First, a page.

Radiology Basics

box-services The field of radiology comprises many different techniques employed to non-invasively image the body. Some radiology tests require the use of x-rays and some do not. Most radiology tests or procedures are used to obtain an accurate, safe, and cost-effective diagnosis. Some procedures performed in interventional radiology provide non-surgical therapy. Rest assured that all tests used in radiology have been proven effective through extensive published research. There is no one “perfect” radiology examination that suffices in all medical situations. Often a timely and cost effective diagnosis requires the use of many different tests, the majority of which fall outside of radiology. Your referring provider can provide you with the best approach for your particular problem and, in consultation with our radiologists, can help decide which radiology examination will benefit you.

What is a Radiologist?

A radiologist is a medical doctor who specializes in diagnosing disease and injury by using medical imaging techniques such as x-rays, computed tomography (CT), magnetic resonance imaging (MRI), positron emission tomography/computed tomography fusion imaging (PET/CT) and ultrasound. Because some of these imaging techniques involve the use of radiation, adequate training in and understanding of radiation safety and protection is important. All board certified radiologists have graduated from an accredited medical school, passed a licensing examination, and completed a residency of at least 4 years of unique postgraduate medical education that includes radiation safety, radiation protection, and the appropriate performance and interpretation of quality radiological and medical imaging examinations and procedures. The majority of radiologists also complete a fellowship-1 to 2 additional years of specialized training in a particular subspecialty of radiology (breast imaging, interventional radiology, neuroradiology, etc). All training combined, a typical radiologist completes 13-15 years of post high school education.

What is the Radiologists Role in Health Care?

A radiologist acts as an expert consultant to your doctor by aiding him or her in choosing the proper radiology examination, interpreting the resulting medical images, and reporting the test results to your doctor in a timely manner to advance your care. Radiologists routinely correlate medical image findings with other examinations and tests, and recommend further examinations or treatments when needed by conferring with the referring doctor. The majority of radiology examinations are diagnostic in scope. However, radiologists do specialize in interventional procedures that utilize minimally invasive, image-guided tests that are both diagnostic and therapeutic. Finally, radiologists are responsible for directing radiology technologists (personnel who operate the imaging equipment) in the proper performance of quality exams. The following are some of the many tests and procedures that we employ on a day-to-day basis:

Your Radiologist Has the Right Training, Knowledge, and Experience

When your referring doctor tells you they have reviewed your imaging study, what they usually mean is that they have reviewed the radiology report or gone over the study with your radiologist. Radiologists are at the forefront of imaging technology, spearheading the development and implementation of CT, MRI, PET/CT as well as minimally invasive procedures such as endovascular treatment of aneurysms and tumors and percutaneous image guided biopsies and drainages. Certification by the American Board of Radiology is an indication of a high level of training and demonstrated excellence in the field. All radiologists in RMR are board certified by the American Board of Radiology.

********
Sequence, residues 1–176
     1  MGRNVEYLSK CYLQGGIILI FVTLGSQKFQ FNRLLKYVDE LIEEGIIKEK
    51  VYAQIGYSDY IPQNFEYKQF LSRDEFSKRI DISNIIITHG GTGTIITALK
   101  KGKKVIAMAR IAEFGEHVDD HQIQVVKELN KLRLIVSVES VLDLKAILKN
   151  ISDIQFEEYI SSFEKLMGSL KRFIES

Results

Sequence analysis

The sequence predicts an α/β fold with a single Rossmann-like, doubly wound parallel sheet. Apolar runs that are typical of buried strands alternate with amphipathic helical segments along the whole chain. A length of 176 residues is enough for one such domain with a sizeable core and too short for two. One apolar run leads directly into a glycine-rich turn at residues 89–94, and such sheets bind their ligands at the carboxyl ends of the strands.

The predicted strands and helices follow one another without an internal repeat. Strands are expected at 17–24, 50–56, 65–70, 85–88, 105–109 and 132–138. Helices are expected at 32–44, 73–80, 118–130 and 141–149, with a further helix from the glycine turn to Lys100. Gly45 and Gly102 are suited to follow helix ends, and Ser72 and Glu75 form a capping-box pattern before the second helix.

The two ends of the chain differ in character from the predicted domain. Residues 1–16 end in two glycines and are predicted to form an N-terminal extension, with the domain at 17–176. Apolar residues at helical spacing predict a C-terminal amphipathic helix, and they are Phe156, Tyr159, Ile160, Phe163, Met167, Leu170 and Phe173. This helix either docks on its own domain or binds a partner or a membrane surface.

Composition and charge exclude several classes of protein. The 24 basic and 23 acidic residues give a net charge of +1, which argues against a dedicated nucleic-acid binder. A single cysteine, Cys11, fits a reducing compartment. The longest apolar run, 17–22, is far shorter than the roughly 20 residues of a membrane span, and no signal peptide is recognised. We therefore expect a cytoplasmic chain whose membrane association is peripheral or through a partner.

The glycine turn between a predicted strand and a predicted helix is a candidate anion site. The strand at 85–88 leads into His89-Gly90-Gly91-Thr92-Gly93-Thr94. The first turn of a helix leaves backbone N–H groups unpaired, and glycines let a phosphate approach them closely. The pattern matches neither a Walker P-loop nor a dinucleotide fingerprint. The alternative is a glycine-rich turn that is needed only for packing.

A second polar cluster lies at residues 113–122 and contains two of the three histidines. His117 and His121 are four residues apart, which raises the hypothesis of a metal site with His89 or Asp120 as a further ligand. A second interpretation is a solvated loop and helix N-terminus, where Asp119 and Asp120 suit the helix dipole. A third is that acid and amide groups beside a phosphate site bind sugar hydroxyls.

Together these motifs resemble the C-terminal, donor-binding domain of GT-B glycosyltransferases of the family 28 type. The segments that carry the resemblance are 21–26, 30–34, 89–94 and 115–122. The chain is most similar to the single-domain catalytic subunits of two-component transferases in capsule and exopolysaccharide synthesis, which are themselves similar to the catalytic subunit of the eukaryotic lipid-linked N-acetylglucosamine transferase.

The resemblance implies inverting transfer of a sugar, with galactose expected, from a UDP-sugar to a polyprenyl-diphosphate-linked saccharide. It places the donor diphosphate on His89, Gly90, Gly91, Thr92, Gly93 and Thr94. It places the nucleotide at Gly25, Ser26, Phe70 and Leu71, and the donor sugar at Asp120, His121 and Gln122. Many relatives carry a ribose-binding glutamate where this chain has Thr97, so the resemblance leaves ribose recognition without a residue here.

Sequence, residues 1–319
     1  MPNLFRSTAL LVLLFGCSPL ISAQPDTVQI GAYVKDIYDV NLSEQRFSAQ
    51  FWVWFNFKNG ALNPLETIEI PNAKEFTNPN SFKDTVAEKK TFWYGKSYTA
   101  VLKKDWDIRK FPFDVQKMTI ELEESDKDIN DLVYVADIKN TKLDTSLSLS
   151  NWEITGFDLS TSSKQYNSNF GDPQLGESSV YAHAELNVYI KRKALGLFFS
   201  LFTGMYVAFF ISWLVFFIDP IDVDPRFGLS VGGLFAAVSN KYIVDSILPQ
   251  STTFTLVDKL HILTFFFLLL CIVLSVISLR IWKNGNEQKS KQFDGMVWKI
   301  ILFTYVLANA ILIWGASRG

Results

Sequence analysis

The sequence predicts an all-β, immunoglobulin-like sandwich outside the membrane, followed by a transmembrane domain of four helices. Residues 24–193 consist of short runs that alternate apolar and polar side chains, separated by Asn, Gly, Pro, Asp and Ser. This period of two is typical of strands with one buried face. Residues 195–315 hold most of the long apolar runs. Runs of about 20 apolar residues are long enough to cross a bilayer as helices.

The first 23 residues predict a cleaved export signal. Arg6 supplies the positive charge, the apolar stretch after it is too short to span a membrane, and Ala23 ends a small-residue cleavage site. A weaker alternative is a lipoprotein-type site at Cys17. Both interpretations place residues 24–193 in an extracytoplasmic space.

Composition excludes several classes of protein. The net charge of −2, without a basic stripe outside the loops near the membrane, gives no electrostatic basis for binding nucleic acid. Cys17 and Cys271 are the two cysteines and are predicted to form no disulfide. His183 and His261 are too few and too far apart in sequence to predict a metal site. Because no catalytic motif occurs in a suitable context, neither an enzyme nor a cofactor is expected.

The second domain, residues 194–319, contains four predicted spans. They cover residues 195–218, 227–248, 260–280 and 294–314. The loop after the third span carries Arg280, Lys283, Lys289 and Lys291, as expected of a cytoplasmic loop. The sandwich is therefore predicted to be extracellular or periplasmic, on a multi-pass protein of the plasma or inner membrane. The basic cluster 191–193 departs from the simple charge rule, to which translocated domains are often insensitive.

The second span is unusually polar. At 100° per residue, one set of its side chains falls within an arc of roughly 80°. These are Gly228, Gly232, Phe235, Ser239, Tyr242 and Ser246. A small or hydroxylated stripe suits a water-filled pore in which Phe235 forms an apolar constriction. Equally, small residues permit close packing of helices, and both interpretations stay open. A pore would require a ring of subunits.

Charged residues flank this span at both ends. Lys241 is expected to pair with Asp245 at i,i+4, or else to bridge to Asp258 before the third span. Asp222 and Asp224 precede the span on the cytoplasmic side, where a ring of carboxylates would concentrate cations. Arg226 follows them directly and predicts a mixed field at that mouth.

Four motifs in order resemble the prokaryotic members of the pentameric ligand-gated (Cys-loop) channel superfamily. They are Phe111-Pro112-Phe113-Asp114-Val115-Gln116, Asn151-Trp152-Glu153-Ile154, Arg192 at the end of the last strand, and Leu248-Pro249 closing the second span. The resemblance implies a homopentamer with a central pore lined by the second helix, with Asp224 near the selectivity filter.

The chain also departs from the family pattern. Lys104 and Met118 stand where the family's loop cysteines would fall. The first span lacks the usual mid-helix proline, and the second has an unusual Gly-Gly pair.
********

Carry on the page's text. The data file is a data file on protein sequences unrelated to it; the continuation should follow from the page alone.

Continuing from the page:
What You Should Know About Quality and Safety in Medical Imaging

Radiological procedures such as CT, MRI, and PET are medically prescribed and should only be used by appropriately trained and certified physicians under medically necessary circumstances. Radiologists are medical doctors who have received at least 4 years of unique, specific, postmedical school training in radiation safety, the optimal performance of radiological procedures, and interpretation of medical images. Other medical specialties mandate far less imaging education, ranging from a few days to a maximum of 10 months. Use of medical imaging procedures by unqualified providers may needlessly expose you to radiation or radiation levels that could be unduly hazardous. It may also result in misdiagnosis or problems that are not diagnosed at all.

American College of Radiology (ACR) Accreditation

Insist that any facility providing your medical imaging care be accredited by the American College of Radiology. ACR accreditation ensures that the physicians supervising and interpreting your medical imaging meet stringent education and training standards. ACR accreditation also signifies that the imaging equipment is surveyed regularly by qualified medical physicists to ensure that it is functioning properly, and that the technologists administering the tests are certified.

Quality Standards for Medicare

The ACR recommends measures to ensure the highest quality diagnostic imaging services, while saving taxpayers urgently needed Medicare dollars. These measures are similar to those that have been used with great success by private payers.

Quality standards work. Federal standards already protect women undergoing mammography, and private payers are effectively using quality standards to control costs and prevent risks from poor quality and inappropriate MRI, CT, and PET scans. Medicare patients deserve the same protection and assurances as people who are insured privately when undergoing advanced medical imaging procedures. To find out how you can help establish quality standards to save taxpayers billions of dollars and improve Medicare patient care, please visit